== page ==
Since October 2013, the Michael Phipps Gallery at the Omaha Public Library has been transitioning into a premier public art project in Omaha with expansive reach. I have supported over 75 Omaha-based artists with exhibitions and projects as the volunteer curator. My support comes in the form of organizing one of Omaha’s only open call for exhibitions to any artist living and working within the Omaha-metro; a thorough application review process; in-depth studio visits with selected artists; working with Omaha Public Library to institute an artist stipend of $150; designing all didactic information; full installation and lighting of all objects on display; writing a short essay about each artist/exhibition; instituting regular Facebook events for exhibition openings; using my connections with local publications to secure coveted press; as well as providing a consistent voice and tone for all exhibitions at Michael Phipps Gallery.

Beyond the 75 artists that have received curatorial support and the 12 that are slated to have exhibitions in 2017 and 30 in 2018, the Michael Phipps Gallery has a major public impact beyond objects in the gallery. While most arts institutions are free and/or open to the public, there are still social and cultural barriers that prohibit some to visit and feel welcome in these art spaces. The Michael Phipps Gallery at the Omaha Public Library is different. As a public art project, but more importantly as a public art space, the gallery works beyond conceptual ideologies around art to provide a tangible space to view art beyond lived realities. Michael Phipps Gallery, in turn, is one of Omaha’s only spaces in which art is for anyone and everyone. With over 250,000 visitors a year, the continued impact of the gallery is exponential to the public at large, but also to the artists showing their work.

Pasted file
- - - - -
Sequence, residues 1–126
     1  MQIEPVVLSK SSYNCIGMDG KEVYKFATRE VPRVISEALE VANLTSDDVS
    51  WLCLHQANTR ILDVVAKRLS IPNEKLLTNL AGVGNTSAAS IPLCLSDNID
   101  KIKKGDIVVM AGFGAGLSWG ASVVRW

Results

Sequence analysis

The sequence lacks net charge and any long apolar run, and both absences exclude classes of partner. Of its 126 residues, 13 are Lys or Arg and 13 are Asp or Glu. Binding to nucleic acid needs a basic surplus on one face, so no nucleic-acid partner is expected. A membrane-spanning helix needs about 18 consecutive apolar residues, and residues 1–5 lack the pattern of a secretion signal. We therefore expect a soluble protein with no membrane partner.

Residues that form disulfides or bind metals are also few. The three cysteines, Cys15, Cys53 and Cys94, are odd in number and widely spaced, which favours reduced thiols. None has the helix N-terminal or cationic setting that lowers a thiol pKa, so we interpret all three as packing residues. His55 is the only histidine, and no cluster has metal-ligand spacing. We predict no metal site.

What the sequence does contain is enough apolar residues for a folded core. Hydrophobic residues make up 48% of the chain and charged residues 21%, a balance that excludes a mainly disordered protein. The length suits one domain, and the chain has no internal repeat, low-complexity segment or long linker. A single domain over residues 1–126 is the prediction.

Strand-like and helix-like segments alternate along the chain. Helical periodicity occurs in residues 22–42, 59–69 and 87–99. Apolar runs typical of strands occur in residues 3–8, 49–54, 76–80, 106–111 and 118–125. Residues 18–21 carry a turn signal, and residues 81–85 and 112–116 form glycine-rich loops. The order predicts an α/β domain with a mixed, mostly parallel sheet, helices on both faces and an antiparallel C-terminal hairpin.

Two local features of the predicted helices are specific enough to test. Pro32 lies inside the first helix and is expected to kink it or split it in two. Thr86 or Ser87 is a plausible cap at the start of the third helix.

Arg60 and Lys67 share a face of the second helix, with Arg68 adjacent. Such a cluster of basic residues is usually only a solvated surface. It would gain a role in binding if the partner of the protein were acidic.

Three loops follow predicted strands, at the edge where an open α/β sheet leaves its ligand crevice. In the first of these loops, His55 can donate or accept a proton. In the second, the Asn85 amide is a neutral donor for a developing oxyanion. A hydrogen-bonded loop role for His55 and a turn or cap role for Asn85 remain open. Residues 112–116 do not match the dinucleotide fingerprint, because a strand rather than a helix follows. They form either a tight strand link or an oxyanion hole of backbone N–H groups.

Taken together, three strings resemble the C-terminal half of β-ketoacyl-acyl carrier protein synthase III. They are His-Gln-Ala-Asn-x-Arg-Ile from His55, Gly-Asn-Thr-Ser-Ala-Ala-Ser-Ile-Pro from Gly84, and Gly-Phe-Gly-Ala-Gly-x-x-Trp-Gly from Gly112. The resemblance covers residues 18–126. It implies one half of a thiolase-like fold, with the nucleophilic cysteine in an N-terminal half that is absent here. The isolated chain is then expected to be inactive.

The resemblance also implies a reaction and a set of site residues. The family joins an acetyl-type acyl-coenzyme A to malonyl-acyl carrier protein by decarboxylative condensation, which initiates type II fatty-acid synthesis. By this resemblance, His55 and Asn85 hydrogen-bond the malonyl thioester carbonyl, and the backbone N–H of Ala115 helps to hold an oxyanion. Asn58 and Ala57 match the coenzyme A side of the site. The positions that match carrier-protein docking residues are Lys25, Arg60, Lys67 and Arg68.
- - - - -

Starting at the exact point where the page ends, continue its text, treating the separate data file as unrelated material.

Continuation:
Yet, Michael Phipps Gallery is more than a gallery. It is a place housed within one of Omaha’s largest cultural institution—one that is consistently filling the socio-cultural needs of the city. Providing rich content through public programming and resources, Michael Phipps Gallery aligns effortlessly within their mission for radical inclusivity and forward thinking for the broadest and widest cross-section of Omaha.

Alex Jochim + Kristin Pluhacek + Sarah Jones: Screen Shot – September 01–October 28
Derek Courtney: Folklore of Labor – July 07–August 26
Sarah Kolar + Brian Wetjen: Interwoven – May 05–June 30
Angie Seykora + Dan Crane: All is Vanity – March 03–April 29
Victoria Hoyt: Twenty-Six Forms Relating – January 06–February 26

Camille Hawbaker: Memoir– November 04–December 31
Travis Apel + Launa Bacon + Reagan Pufall: Science Future – September 09–October 30
Katie Temple: Sense of Home – July 01–August 28
Kim Darling: Self-Governance – May 06–June 06
Jave Yoshimoto: The Fractured World – March 04–April 28
Stuart Chittenden: 830 Nebraska – January 08–February 28

Public Public – November 06–December 27
Gabi Quiroz – September 11–October 31
Teal Gardner: A BABY IS BORN – July 09–August 29
Carlee Pakes: Animal Entities – May 08–June 28
Mary Jo Wentz: Artist as Chemist – March 07–April 25
Alicia Armentrout: Motivating to Grandeur – January 09–February 27

2014 Survey: Omaha Artists – November 07–December 31
Laura Carlson: Social Studies – July 01–30
Curtis Cates: Coloring Book – June 13–30
Riccardo Marchio + Thomas Rossi: Fractals – May 01–31
Angela Pickman: Natures Silhouette – April 05–27
Heather Johanson: Seeking Wilderness – March 09–29
Great Plains Black History Museum: Past Present, Future – January 03–31

Monday Morning Paintings – December 02–31

Photos: Omaha Public Library